Basics of Electricity

This is meant to be a basic introduction to electricity / electrical concepts for those who have limited or no electrical background.


V = Voltage (measured in volts V)
I = Current (measured in amps A)
R = Resistance (measured in ohms Ω)

The above equation is Ohm’s law and should get you through most of what you need to know. In terms of an analogy, if electricity is like water flow, then voltage would be like pressure (differential), current like flow and resistance like the size of pipe. In practical terms, resistance is probably determined for you and the thing you have most control of is likely voltage.


Everything has resistance, just a matter of how little or how much. Something with low resistance (low ohms) will allow electricity to flow more freely than something with high resistance (high ohms). To go with the water flow analogy, resistance is like size of pipe. A larger pipe will have lower resistance allowing higher flow while a smaller pipe will have higher resistance restricting flow.


Voltage is the potential difference between two points. In order for electricity to flow, there needs to be a difference in voltage between two points. When measuring battery voltage with a multimeter, you need to put one probe on the positive terminal and one probe on the negative terminal. If you place both probes on the same terminal, you’ll see 0 volts. The higher the voltage (volts), the more dangerous something is and the further you should stay away. Like differential pressure, the higher the pressure (voltage), the more flow (current) it will allow up to a certain point – determined by pipe size (resistance).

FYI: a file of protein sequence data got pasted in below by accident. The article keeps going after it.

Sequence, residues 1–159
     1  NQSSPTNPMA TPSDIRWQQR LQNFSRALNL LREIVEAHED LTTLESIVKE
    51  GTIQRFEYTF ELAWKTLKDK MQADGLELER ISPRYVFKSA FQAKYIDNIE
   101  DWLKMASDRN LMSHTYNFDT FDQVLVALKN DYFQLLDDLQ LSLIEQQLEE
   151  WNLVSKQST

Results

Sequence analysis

Current is the flow of electricity measured in amps (amperes). For practical intents and purposes, current is the result of adjusting voltage given a fixed resistance. In the water flow analogy, current (flow) is the end result of changing the pressure (voltage) by opening or closing a valve like a faucet that’s connected to a hose (resistance). If you want to increase flow, you don’t start by changing out the hose, you go and turn the knob to increase pressure. But at some point, if you have a tiny hose hooked up to a fire hydrant, the flow and pressure will cause the hose to fail. Electrical current is somewhat like that, you can increase current by increasing voltage and too much current on a given wire will destroy it.


If we rearrange the equation for current, we see that as resistance gets bigger (dividing by a larger number), current decreases and as resistance gets smaller (dividing by a smaller number), current increases. This equation (Ohm’s law) is very useful when looking at the relationship between the basic components of electricity, if any of these things go to 0, the whole thing just doesn’t work and there’s no electricity flowing. For example, as resistance gets towards 0, current increases, if you connect positive terminal to negative terminal directly without any load in between, you’ll have a short circuit and a lot of current flowing. Things will heat up and fail, some times in spectacular fashion.

Breaking Things

You can break things by supplying too much voltage and you can also break things by having too much current. The two are related and increasing voltage will increase current as well given a fixed resistance.

What Now?

After learning about voltage, current and resistance, I would learn how to use a multimeter and maybe try some things out connecting batteries and LEDs.